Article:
Plenaries

Plenaries

Plenary Talks including Debates and Round Tables

 

Plenary 1: Effects of Static and Oscillatory Magnetic Fields on Cryptochromes: A Mechanistic Perspective

Rachel Muheim
Lund University, Sweden

Talk: “Cryptochrome-based magnetoreception and the effects of RF-fields on animal orientation”

Rachel Muheim is a researcher at Lund University, Sweden, and part of the Lund Vision Group and the Center for Animal Movement Research, CAnMove. Her research focuses on the behavioural and physiological characterization of the light-dependent magnetic compass and polarized light sensitivity in birds, and on stopover behaviour and the use of different orientation cues in migratory birds. Rachel Muheim received a Master’s degree in Zoology from the University of Zürich, Switzerland, and a PhD on magnetic orientation in migratory birds from Lund University. She worked four years as postdoc in the lab of Prof. John Phillips at Virginia Tech, USA, investigating magnetic compass orientation in a variety of organisms, including newts and mice. Upon her return to Lund in 2008, she developed a novel behavioural training assay to study magnetic compass orientation in birds in a non-migratory context. The objectives of her work are to combine the new possibilities that have opened up with this new behavioural approach with the latest molecular genetic, neuroanatomical, and biophysical tools. The goal is to unravel the behavioural, physiological and molecular mechanisms of light-dependent magnetic compass orientation and polarized light sensitivity in birds, identify and describe the interactions between these two sensory cues, and study how birds use the information for orientation during migration and in other spatial orientation tasks.

Daniel Kattnig
University of Exeter, United Kingdom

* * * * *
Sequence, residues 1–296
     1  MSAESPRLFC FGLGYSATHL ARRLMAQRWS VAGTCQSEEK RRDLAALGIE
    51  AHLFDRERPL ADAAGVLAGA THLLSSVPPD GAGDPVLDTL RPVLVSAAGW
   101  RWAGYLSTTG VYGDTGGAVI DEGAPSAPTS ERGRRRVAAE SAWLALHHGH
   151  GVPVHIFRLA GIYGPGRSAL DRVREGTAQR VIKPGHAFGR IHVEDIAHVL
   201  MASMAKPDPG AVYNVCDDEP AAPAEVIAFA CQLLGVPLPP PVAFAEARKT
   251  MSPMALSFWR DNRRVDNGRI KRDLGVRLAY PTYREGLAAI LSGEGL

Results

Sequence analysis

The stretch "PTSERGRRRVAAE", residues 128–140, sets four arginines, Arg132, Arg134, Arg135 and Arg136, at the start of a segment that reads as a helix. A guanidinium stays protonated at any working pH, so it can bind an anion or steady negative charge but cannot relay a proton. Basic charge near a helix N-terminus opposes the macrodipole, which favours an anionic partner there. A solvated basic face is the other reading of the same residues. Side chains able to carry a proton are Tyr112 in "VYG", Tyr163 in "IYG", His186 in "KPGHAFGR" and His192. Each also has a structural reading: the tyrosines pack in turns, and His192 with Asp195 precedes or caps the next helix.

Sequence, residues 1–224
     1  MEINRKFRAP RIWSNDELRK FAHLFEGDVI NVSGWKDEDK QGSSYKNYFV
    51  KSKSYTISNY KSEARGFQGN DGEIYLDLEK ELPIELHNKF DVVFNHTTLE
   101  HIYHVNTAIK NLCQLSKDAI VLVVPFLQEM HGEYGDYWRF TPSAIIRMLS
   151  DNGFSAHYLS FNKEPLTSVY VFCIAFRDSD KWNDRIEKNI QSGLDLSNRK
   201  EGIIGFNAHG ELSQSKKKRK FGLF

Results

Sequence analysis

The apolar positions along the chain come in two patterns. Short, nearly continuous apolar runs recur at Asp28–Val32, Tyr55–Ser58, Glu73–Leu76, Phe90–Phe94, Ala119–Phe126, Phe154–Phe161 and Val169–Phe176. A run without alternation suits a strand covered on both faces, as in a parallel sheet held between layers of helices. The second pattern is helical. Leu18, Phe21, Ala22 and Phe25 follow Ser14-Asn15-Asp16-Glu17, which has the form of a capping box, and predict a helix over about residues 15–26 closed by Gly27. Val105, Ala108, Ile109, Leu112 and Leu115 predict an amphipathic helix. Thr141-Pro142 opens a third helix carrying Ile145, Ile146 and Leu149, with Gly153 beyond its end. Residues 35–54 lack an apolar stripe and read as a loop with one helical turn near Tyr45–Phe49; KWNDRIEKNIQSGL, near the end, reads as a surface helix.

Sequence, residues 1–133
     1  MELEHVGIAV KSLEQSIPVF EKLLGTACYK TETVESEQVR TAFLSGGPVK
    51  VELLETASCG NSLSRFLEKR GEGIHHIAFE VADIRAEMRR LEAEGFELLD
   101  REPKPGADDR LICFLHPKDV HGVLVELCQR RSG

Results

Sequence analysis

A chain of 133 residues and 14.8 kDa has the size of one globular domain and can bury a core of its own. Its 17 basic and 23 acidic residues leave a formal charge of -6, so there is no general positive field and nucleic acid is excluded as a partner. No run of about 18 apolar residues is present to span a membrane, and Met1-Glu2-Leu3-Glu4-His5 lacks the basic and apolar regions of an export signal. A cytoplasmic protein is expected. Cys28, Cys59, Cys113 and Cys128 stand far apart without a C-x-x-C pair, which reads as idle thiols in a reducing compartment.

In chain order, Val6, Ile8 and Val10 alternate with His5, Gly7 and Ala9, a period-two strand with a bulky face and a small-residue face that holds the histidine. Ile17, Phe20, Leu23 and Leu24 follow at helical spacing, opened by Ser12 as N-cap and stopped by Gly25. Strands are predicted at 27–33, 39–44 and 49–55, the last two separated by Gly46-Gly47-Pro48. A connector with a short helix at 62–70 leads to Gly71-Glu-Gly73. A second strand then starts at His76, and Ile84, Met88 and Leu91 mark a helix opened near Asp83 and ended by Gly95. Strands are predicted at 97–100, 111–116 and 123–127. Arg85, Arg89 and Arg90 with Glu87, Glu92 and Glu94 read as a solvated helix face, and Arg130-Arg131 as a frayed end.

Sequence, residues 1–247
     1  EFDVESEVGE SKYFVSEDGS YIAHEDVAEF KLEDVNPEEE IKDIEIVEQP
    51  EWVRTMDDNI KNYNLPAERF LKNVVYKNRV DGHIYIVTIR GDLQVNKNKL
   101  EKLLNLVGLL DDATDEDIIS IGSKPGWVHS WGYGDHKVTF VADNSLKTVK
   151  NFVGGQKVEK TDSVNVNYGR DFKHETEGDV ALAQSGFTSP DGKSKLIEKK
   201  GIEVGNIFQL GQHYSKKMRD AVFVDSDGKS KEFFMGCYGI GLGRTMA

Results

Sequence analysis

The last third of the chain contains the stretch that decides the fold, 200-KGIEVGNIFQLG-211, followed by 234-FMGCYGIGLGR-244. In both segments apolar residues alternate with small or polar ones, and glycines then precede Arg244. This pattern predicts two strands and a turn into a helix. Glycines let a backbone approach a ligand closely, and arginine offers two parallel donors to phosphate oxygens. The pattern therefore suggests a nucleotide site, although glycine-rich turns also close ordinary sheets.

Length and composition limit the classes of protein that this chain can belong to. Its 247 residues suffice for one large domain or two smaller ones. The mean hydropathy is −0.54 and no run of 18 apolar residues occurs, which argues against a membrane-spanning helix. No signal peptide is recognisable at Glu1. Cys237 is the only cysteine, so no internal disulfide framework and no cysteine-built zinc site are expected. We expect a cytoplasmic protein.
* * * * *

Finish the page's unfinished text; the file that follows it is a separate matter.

Talk: “Effects of static and oscillatory magnetic fields on cryptochromes: a mechanistic perspective”

Daniel Kattnig is a Senior Lecturer at the recently established cross-disciplinary Living Systems Institute at the University of Exeter. His current research activity is in the field of quantum biology or, more precisely, theoretical and experimental spin chemistry, an interdisciplinary field dedicated to the effects of weak magnetic fields on chemical reactions and biological processes. The theoretical modelling of avian magnetoreception, which has been hypothesised to rely on quantum phenomena involving transient radical pairs, is at the heart of his current research endeavours. Daniel completed his PhD in Physical Chemistry at the University of Technology Graz, Austria, on studies of photo-induced electron transfer phenomena (Prof. Grampp). It is during this period that he first delved into the study of magnetic field effects on charge recombination reactions. Following a short period in industrial research, Daniel joined the Max Planck Institute for Polymer Research, Mainz, Germany, where he focused on the investigation of soft matter by means of pulsed electron paramagnetic resonance (Prof. Spiess). Returning to Graz, he took on a research position dedicated to magnetic field effects on donor acceptor systems, which he held until 2013 when he joined the group of Prof. Hore at the University of Oxford. In 2017 Daniel eventually moved to the Living Systems institute at Exeter, where he is setting up a group dedicated to the theoretical and experimental investigation of magnetic field effects.